For Generation X, the defining vision of our most likely future was laid out in The Jetsons. It presented a futurescape of flying cars, Uniblab the AI coworker with a bad attitude, and workweeks of one hour per day, two days per week. For millennials, the future was defined by Back to the Future and Tron. Unfortunately, we still don’t have a real hoverboard.
How Close We Are to the Future
Augmented reality (AR) has had several false starts (yes, Google Glass, we’re looking at you, through normal lenses). But have no doubt—practical AR is coming to a market near you sooner than you think.
The tech behind AR has been around for at least two decades. In the early 1990s, the Air Force started working on a heads-up display (HUD) for pilot training it called “virtual fixtures.” Luckily, other terminology won the day after a second experimental group published a study titled “Knowledge-based Augmented Reality for Maintenance Assistance.”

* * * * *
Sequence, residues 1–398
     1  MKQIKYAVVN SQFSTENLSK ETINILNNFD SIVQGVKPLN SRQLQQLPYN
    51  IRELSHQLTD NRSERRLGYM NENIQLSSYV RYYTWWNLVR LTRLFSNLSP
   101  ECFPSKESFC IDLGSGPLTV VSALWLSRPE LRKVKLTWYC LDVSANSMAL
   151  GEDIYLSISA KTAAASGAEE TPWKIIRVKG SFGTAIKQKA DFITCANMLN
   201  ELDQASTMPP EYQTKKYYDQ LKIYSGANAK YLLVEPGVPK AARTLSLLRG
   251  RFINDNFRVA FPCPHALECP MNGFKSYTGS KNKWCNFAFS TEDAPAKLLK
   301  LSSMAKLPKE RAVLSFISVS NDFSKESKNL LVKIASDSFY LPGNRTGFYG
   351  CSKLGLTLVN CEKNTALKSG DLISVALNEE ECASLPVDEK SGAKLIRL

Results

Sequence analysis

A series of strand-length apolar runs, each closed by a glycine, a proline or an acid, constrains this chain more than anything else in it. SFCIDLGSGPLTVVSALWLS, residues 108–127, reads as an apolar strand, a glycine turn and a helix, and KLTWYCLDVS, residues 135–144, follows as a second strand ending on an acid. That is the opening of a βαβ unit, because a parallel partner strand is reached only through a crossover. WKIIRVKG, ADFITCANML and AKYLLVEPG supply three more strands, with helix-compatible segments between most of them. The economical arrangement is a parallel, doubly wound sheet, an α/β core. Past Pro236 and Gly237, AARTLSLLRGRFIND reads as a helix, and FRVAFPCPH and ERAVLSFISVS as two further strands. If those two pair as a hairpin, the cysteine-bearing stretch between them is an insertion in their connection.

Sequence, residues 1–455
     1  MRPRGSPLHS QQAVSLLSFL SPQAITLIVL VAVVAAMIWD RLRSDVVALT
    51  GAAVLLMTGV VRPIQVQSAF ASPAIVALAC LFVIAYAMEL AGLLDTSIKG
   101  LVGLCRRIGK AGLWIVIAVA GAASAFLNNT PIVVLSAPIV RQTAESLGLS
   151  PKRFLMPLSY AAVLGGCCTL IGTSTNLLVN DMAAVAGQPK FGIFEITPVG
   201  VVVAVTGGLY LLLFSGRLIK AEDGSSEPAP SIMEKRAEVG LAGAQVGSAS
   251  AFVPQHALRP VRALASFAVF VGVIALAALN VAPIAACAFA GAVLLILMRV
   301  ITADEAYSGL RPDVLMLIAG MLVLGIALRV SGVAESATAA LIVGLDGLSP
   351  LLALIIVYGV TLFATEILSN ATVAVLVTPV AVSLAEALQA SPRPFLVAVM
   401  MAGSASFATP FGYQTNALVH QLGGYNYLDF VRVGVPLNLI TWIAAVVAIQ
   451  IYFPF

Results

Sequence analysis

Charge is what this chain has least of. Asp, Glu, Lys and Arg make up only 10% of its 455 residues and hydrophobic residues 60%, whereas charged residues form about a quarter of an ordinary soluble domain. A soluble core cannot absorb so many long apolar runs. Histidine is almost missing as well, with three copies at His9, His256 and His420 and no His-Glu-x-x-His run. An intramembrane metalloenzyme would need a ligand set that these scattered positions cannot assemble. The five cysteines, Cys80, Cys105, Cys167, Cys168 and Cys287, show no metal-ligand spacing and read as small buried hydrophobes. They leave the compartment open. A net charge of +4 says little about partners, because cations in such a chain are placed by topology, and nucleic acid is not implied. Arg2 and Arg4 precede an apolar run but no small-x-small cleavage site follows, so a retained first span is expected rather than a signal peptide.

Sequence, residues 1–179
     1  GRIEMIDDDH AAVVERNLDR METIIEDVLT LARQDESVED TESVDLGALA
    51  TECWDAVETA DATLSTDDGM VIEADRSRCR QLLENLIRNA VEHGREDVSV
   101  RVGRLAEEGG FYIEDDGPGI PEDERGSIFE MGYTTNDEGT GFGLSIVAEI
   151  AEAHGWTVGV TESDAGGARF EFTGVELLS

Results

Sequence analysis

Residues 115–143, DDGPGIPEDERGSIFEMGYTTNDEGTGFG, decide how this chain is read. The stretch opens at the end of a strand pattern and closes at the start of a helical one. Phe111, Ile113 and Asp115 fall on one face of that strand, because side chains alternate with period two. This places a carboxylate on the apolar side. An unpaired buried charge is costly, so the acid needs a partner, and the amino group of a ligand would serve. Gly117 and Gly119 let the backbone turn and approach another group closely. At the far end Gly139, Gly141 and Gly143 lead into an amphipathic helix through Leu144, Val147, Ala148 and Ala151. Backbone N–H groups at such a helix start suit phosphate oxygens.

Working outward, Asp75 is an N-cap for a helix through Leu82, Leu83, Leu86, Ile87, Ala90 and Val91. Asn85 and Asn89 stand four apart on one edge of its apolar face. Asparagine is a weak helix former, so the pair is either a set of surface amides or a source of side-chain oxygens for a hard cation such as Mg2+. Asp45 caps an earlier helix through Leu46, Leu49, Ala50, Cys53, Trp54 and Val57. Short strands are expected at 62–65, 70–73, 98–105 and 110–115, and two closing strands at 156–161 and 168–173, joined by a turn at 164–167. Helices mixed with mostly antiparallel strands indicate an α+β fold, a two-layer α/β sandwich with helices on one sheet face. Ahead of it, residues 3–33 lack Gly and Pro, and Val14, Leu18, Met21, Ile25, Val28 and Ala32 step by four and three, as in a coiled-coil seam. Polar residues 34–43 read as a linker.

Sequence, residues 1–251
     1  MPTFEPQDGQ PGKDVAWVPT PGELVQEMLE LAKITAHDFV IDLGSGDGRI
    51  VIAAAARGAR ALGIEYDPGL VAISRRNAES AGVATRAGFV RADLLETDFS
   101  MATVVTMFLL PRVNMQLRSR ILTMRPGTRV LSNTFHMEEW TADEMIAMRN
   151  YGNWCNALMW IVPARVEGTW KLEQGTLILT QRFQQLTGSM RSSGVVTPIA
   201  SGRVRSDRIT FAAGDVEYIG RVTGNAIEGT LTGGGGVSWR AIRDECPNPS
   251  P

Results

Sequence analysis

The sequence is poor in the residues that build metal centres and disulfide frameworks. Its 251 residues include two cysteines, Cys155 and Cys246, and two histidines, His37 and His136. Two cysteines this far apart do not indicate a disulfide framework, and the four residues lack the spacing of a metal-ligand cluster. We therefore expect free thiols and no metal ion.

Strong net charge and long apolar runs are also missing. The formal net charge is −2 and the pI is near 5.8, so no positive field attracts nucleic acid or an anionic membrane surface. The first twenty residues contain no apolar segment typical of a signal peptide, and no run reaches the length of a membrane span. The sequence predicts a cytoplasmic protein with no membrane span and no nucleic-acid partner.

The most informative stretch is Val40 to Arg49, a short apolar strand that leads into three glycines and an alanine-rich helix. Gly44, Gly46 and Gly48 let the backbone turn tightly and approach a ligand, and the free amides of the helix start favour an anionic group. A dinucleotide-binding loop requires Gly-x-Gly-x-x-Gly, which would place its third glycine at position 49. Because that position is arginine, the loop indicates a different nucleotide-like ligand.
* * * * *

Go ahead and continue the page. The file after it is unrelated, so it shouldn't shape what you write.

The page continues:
Naturally, game makers have shown the most interest, but that’s not where the real action is in the AR development. Pokemon Go was only a test. Here’s a look the latest applications of AR that will have a much wider impact on society in the days ahead. Read More
SmartBear—a company that creates monitoring tools—released another 35 page, detailed study of code review and collaboration. You can read the whole study here, but who has the time for that? No need to worry about missing out, we read it for you and pulled out what we feel are the highlights.
The findings are a compilation of responses from 550 developers representing about 30 different industries. Some of these industries are computer software, mobile development, systems integration, aerospace, insurance, industrial manufacturing, and game development. All sizes of organizations are represented from smaller teams with just a few developers to large companies with over 50 software team members. Read More
Did you know that 75 percent of executives anticipate their organization’s software projects will fail? While IT projects are notoriously challenging to plan and measure, industry studies reveal that failure is common and just as costly as you think.
No matter your philosophy on agile, scrum, waterfall, or some mix in between, we feel there are few things every good project needs to be successful.